The police officers of Winchester received good news regarding their safety on Tuesday, June 21, as the Winchester City Council moved to accept a grant from the Bureau of Justice Assistance and provide matching funds for the purchase of new bullet-resistant vests for the officers.
The Bureau offered the city a grant in the amount of $8,380 over two years. The total price of the vests is $16,760. The city will pay the difference out of its yearly budget, citing in its resolution the priority the city gives to the safety of its citizens and employees.
Council was provided with the report of Chief Kevin Sanzenbacher on last year’s criminal activity in the city. The report was generally positive, citing five year lows in all Part I crimes except grand larceny and a five year low in calls for service. However, despite the drop in overall crime, the number of adults arrested is at a five year high.
The issuance of traffic citations are at their highest point since 2007. The report cited the opening of the Timbrook Youth Reporting Center, 80% of employees passing their first fitness assessment, and an enhancement in less than lethal capability for officers as successes in 2010. Officer retention and better IT operations were cited as areas for improvement in 2011.
“Winchester is in better shape than it has been in a long time,” said Councilman Milt McCinturff when asked for his thoughts on the criminal report.
He cited economic growth as the main reason for the improvement.
Council also received a presentation pertaining to the Old Town Development Board and the investments the city has made. Some of the members voiced concern that the city might lose money in the long-run. Chairmen of the OTDB, David Smith, told the members the city should not lose money.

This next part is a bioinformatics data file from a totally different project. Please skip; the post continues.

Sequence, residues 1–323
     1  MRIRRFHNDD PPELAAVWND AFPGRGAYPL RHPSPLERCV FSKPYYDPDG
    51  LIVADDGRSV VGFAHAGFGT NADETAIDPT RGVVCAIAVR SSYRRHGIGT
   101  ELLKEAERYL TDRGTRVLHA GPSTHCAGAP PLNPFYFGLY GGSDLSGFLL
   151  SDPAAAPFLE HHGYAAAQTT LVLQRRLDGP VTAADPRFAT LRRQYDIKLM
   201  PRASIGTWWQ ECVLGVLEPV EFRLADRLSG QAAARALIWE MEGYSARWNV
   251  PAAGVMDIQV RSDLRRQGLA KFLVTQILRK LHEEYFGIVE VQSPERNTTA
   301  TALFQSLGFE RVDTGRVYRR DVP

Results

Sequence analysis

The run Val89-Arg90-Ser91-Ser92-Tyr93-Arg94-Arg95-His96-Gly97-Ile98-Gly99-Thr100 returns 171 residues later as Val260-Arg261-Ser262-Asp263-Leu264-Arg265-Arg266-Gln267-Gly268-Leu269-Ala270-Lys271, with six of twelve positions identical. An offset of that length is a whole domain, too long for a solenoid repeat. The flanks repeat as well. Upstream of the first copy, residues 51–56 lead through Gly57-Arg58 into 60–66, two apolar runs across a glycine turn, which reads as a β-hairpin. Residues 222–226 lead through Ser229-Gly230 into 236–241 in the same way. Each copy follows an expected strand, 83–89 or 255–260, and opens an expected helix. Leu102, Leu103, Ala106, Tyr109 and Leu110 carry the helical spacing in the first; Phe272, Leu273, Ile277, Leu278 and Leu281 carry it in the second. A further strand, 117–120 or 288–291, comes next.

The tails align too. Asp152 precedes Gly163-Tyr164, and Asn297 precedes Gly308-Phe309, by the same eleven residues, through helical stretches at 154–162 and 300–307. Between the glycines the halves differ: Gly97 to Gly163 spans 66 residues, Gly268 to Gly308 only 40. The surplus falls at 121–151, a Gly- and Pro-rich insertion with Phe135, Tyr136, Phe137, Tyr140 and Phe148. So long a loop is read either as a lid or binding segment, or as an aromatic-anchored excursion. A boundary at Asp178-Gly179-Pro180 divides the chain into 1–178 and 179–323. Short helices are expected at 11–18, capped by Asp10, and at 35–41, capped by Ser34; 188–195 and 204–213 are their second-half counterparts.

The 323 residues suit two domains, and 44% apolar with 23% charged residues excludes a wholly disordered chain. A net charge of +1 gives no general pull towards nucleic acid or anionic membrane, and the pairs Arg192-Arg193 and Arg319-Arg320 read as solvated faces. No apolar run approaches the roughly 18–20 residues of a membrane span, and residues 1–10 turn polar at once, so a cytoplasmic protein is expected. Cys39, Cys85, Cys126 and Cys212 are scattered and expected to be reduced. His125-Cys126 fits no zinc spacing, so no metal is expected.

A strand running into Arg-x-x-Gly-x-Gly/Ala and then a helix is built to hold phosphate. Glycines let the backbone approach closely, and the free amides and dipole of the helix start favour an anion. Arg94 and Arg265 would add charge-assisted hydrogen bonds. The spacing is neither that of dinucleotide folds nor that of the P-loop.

“I see the city breaking even or making a profit,” said Smith to the members.
He cited the revenues generated from parking, alcohol sales, and vendors at the many events being planned and cited the Movies on the Mall event as “a great success”.
In terms of planning future events, Smith spoke of a variety of events meant to target a broad demographic, such as country music concerts and hip hop exercise programs for younger people. The members seemed particularly concerned with this variety.
“A lot more detail needs to go into this,” Councilman Art Major told Smith.
Councilman Tagnesi recommended looking at a range of more diverse ethnic events, such as Italian festivals. Smith expressed his desire to do so, citing hopes for Latino and African American events as well.
Councilman McInturff asked if the board had reached out to other cities to study their methods in similar endeavors. Smith said that “quite a bit of research” had gone into the planning, and described studying the methods of another city whose development succeeded greatly.
Despite the concerns, Council seemed fairly optimistic and supportive of the board and its actions.
“Council is behind this,” said Counsel President Jeffrey Buettner.
Council also discussed slight changes to the city code deaing with procedure and the role of the City Attorney.